Explore these 6 agricultural innovations that will likely have a huge impact on the way we farm in the future.
As the world unites to minimise global warming, agriculture is set for a massive shakeup to ensure we can still feed the planet while keeping it good nick for our grandchildren. We bring you, 6 agricultural innovations that are set to shake up the industry.
In the disastrous 2C° climate change scenario for 2050, available cropland will decrease by 10%, yields will drop by up to 30% while the world will need 40% more food to feed a growing population. That was the message for agriculture at COP26, the 2021 United Nations Conference for Climate Change held in Glasgow late last year. It was followed by a call for governments and industry to invest $70 billion over the next 20 years to accelerate the shift towards sustainable farming and land-use practises. Australia was among 26 nations to throw its hat in the ring by setting out commitments to plans that will help farmers pollute less and protect food supplies against climate change.
“The commitments being made today show that nature and land use will contribute to addressing the twin crises of climate change and biodiversity loss,” COP26 President Alok Sharma said. “If we are to limit global warming and keep the goal of 1.5C alive, then the world needs to use land sustainably and put protection and restoration of nature at the heart of all we do.”
To mark Australia’s commitments and the progress that has already been made, we’ve put together a list of 6 agricultural innovations in sustainable farming which are super interesting.
1) The Kray drone
Farmers using drones to spray crops is nothing new. But the new Kray Protection UAS drone from the US improves the technology by an order of magnitudes. As the world’s first fully digital and unmanned crop sprayer capable of autonomously spraying fertilisers and pesticides, it offers a complete replacement for ag planes – at around 10% of the cost. And unlike other drones that require farmers to spend dozens of hours learning how to fly one or pay a professional pilot thousands of dollars a day to drive out to their farm, the Kray drone is fully automatic thanks to a computer vision system that reads the terrain and adjusts the machine’s movements mid-air to avoid obstacles like windmills. Its spray jets are also best in class — ‘electrostatically charging’ droplets to reduce drift and deliver the kind of variable rate spraying required for sustainable agriculture. And with an operating speed of 110 km/hour and only 15% of its productive time needed for tank refills and battery charge, the Kray drone can cover up to 1,200 acres per day – making it the most efficient and environmentally friendly crop-spraying solution on the planet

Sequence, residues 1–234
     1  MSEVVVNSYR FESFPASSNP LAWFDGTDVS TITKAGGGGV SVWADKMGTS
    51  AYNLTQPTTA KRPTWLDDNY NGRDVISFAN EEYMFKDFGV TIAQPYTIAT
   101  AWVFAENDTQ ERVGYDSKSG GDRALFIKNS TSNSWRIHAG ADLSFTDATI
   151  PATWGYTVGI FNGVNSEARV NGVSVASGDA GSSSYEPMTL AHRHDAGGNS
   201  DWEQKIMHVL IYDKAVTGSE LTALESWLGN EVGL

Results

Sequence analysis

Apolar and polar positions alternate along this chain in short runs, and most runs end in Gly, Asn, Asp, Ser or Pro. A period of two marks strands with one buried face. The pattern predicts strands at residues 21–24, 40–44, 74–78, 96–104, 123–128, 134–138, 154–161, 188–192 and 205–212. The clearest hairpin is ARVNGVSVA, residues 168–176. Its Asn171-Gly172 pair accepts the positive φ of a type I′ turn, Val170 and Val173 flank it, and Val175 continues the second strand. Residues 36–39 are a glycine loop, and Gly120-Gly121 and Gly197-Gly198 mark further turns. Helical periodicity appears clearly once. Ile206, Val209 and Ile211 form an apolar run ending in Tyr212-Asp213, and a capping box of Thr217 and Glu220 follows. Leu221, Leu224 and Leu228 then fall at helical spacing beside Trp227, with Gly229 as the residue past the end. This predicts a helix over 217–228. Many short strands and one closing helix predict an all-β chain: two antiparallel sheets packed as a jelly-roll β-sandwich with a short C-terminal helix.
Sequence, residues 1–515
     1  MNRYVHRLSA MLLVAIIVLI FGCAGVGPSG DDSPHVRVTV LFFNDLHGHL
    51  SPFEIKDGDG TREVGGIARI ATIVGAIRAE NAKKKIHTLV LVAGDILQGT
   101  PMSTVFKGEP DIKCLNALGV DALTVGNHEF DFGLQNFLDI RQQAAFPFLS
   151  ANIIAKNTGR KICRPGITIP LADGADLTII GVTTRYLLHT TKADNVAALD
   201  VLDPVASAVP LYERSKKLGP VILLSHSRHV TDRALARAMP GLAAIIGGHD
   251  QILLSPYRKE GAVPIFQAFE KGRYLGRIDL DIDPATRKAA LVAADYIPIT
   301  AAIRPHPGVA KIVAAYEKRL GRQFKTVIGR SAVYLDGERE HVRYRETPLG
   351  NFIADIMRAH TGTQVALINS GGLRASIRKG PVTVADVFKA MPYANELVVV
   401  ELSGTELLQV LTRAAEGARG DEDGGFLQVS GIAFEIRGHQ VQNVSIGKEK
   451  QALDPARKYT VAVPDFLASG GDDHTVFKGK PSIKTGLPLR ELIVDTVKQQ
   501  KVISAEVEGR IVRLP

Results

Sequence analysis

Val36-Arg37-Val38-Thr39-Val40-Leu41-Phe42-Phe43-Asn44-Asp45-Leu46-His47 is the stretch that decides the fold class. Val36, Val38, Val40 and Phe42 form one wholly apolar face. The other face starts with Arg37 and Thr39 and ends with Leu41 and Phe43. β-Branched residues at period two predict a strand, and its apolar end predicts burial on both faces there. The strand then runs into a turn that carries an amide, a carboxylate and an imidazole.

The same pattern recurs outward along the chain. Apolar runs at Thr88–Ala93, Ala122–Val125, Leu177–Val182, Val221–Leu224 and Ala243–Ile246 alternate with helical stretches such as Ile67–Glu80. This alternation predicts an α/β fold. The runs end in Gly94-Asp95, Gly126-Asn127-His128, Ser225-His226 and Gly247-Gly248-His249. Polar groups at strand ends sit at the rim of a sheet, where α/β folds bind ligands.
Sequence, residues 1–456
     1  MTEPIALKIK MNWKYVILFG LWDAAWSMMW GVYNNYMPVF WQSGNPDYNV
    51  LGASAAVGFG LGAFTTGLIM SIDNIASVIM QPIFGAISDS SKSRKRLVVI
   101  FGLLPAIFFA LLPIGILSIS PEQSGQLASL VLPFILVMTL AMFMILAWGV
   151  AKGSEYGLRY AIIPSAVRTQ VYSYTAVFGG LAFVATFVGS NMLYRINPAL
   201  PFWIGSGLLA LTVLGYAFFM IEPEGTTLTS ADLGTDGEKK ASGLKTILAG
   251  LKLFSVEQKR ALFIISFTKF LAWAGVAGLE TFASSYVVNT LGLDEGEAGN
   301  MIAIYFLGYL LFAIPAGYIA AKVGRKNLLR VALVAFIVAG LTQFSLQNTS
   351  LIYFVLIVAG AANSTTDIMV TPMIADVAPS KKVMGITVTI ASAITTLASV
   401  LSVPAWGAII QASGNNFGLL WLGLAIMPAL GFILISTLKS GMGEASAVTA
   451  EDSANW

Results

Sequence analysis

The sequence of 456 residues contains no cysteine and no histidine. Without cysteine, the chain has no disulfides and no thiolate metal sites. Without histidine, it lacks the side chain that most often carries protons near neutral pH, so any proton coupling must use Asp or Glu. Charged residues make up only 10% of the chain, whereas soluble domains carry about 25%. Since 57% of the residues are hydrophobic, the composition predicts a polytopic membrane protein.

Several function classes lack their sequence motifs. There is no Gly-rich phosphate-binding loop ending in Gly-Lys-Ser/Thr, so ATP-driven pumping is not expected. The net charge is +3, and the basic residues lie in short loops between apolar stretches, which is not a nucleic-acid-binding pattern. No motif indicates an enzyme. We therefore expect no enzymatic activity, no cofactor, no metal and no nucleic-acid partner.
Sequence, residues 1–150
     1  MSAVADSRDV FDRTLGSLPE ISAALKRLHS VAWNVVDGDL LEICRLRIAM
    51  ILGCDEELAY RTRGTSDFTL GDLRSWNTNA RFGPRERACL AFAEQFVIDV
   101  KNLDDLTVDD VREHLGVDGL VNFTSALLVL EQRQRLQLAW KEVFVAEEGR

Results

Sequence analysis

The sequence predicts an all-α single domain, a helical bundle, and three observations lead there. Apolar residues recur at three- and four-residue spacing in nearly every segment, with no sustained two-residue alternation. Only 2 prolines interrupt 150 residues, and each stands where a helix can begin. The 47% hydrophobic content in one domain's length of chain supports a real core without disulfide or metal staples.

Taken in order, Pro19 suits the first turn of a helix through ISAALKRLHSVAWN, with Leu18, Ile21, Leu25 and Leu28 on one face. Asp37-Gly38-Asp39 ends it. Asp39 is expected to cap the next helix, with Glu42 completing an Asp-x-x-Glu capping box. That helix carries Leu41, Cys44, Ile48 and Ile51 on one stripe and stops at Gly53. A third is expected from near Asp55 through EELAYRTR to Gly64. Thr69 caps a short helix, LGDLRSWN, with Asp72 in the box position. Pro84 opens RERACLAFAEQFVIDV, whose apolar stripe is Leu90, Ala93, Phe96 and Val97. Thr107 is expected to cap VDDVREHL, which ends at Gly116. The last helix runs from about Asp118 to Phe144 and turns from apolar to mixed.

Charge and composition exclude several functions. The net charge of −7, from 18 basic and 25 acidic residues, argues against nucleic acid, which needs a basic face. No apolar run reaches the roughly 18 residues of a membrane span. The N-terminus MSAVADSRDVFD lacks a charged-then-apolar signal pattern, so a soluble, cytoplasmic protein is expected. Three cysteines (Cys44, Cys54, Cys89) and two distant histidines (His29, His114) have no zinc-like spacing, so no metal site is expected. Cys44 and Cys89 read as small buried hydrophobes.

2) Sustainability Linked Farm Loans
Stockyard has been producing premium grain-fed Wagyu and Angus beef products at its 20,000-head feedlot in the Darling Downs region of Southeast Queensland since 1958, and exporting meat overseas for nearly 50 years. Last year it became the first primary producer in Australia to successfully apply for a sustainability-linked loan with the Commonwealth Bank. A three-year, reduced-interest loan, it sets out clear outcomes for Stockyard in terms of emissions reduction, animal welfare and workplace health and safety. “We welcome the opportunity to participate in this innovative financing structure and make a commitment to tie sustainability targets to our financing,” managing director Lachie Hart said. “The loan also provides opportunities to access internationally recognised ESG (Environmental, Social and Governance) credentials to help us secure capital and customers in the future.”
3) Mechanical Bees